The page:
The 2011 law reduced the number of days that Florida’s 67 counties may offer early voting from 14 to eight and reduced the minimum number of hours polls must be open from 96 to 48. It did require for the first time that all counties offer Sunday voting — it was optional before — but specified that the Sunday could not be the one two days before the election.
Five of Florida’s counties — the largest of which is Hillsborough, which includes Tampa — are covered by Section 5 of the Voting Rights Act because of a history of discrimination, requiring approval from federal authorities of election-law changes.
And a three-judge panel in Washington agreed Thursday that Florida could not prove the early-voting changes would not significantly cut back on black voter participation.
“This dramatic reduction in a form of voting disproportionately used by African-Americans would be analogous to (although certainly not the same as) closing polling places in disproportionately African-American precincts,” said the opinion, written by U.S. Court of Appeals Judge Merrick B. Garland and District Judges Colleen Kollar-Kotelly and Ellen Segal Huvelle.
The judges said the changes might pass muster if the counties agree to the maximum number of hours allowed instead of the minimum.
If not, the panel’s decision sets up a scenario in which different counties might operate under different procedures. For instance, Tampa’s voters might continue to have 14 days of early voting while those on the other side of the bay in St. Petersburg would have only eight. The 49,000 voters in the Florida Keys could have the longer time, while Miami-Dade County’s 1.2 million would have the shorter.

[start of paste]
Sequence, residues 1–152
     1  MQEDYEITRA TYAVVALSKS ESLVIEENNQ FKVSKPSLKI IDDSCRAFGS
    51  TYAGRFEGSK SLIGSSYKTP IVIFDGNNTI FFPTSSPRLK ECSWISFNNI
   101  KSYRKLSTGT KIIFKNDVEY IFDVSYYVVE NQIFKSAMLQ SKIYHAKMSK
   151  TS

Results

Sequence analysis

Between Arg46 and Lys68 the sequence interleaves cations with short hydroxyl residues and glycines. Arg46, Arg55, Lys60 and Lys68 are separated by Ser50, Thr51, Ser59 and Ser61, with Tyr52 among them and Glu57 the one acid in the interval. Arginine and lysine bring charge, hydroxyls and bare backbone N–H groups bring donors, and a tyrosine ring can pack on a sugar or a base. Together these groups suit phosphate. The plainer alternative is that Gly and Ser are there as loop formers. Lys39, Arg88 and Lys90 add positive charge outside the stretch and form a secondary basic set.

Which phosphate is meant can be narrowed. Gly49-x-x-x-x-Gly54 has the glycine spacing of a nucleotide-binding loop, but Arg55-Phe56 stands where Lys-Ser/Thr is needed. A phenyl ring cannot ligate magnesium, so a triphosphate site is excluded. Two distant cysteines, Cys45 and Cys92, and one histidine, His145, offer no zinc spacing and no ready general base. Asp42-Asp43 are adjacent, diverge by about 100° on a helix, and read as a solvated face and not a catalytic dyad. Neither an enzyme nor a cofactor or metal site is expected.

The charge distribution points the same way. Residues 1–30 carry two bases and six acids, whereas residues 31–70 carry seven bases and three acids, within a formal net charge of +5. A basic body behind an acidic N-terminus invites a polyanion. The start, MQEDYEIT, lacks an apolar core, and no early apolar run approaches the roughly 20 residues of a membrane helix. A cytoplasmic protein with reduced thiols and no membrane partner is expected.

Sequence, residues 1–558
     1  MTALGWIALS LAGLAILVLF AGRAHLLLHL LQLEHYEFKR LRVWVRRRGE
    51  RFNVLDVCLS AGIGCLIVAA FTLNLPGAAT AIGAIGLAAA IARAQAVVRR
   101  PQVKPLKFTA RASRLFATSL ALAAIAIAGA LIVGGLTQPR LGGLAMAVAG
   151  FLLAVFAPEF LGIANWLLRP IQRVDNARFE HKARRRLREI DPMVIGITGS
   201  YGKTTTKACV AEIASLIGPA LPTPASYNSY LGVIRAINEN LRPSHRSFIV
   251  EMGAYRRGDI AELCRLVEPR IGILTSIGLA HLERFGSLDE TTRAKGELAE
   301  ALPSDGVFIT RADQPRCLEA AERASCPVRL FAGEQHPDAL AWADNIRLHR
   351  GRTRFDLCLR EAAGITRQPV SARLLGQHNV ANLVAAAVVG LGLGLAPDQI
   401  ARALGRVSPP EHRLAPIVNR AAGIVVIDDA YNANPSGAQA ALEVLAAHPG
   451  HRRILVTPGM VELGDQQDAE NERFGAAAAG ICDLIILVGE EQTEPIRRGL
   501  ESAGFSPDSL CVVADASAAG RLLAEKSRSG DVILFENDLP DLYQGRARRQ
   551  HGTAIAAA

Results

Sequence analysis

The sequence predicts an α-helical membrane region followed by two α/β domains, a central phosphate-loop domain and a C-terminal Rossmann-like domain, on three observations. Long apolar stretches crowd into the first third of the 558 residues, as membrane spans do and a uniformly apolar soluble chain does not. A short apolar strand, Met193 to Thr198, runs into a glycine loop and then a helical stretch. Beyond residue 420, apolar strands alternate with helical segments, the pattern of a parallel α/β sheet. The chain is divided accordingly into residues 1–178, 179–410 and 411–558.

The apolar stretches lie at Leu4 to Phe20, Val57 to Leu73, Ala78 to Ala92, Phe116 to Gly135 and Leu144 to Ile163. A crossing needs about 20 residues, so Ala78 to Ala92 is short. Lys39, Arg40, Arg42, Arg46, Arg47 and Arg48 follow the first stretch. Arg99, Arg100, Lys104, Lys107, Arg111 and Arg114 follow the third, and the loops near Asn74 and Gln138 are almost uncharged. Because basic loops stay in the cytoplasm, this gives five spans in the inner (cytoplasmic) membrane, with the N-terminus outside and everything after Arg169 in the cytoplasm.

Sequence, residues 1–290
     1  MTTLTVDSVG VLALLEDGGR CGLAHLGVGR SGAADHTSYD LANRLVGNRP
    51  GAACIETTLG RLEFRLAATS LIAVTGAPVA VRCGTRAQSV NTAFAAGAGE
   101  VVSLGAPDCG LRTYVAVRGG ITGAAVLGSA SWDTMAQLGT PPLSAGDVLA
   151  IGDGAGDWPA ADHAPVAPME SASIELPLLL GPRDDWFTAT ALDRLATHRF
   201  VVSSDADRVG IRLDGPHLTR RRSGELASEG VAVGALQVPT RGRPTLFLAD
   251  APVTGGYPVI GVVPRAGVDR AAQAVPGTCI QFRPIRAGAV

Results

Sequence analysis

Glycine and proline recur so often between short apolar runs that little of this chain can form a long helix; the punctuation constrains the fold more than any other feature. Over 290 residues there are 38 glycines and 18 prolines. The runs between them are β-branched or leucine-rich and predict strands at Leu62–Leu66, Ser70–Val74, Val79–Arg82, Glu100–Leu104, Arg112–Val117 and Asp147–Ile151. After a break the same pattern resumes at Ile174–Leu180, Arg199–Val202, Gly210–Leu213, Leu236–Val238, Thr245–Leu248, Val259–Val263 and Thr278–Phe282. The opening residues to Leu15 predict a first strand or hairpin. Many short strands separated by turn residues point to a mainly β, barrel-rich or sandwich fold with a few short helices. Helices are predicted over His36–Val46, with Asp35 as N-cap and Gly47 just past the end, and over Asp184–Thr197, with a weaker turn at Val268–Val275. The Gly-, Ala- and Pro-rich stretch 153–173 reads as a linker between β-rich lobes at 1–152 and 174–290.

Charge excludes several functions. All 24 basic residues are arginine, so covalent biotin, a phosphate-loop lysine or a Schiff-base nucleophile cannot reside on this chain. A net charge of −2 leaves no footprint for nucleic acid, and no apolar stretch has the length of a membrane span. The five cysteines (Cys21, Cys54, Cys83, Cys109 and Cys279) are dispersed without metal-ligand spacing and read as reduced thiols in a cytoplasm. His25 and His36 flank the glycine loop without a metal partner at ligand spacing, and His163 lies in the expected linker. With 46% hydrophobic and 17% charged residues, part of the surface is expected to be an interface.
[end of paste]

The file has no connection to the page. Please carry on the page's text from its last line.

Duval is not one of the counties affected by the decision.
During the recount in the 2000 presidential election, the state told the Florida Supreme Court that it would be “inappropriate to apply different election laws to different counties within the state of Florida.”
But Scott has ordered Florida’s 62 other counties to follow the new law.
That, not surprisingly, is the subject of another lawsuit. Howard Simon, executive director of the American Civil Liberties Union of Florida, said Scott’s “insistence that the state go forward with two different sets of voting laws . . . is a recipe for chaos and another embarrassment for our state.”
The Scott administration points out that the vast majority of the law has received the federal government’s blessing, even though a federal judge in May struck much of the law’s restrictions on third-party voter registration as a violation of the First Amendment. State officials point out that early voting in the state’s 2012 primaries continued to show growth, even under the reduced hours.
Scott declined to be interviewed for this article, and press secretary Lane Wright said the governor was moving on to other endeavors. “We don’t really have anything more we want to say about it,” Wright said.
But controversy in Florida is never over. The state reached an agreement last week to use the Department of Homeland Security’s database to again attempt to purge the state’s voter rolls of noncitizens.
The first effort did not go well. Scott’s secretary of state, Ken Detzner, originally came up with a list of more than 180,000 names, then cut that to 2,600 possibilities sent to the county supervisors of elections. But the list was quickly shown to be flawed — war veterans and longtime voters were quickly identified in press reports — and the effort was abandoned.
The Scott administration said the use of the Homeland Security database will make the new effort much more precise. But the Justice Department opposes the effort so close to the election, and two lawsuits are waiting.